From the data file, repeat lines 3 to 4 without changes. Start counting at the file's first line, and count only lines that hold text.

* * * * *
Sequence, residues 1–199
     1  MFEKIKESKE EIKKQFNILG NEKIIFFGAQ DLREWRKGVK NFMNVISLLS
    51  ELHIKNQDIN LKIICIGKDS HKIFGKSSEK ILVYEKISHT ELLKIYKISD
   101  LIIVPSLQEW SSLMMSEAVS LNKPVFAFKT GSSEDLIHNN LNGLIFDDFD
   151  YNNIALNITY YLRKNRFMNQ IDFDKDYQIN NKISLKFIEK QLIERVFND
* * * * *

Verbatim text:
    51  ELHIKNQDIN LKIICIGKDS HKIFGKSSEK ILVYEKISHT ELLKIYKISD
   101  LIIVPSLQEW SSLMMSEAVS LNKPVFAFKT GSSEDLIHNN LNGLIFDDFD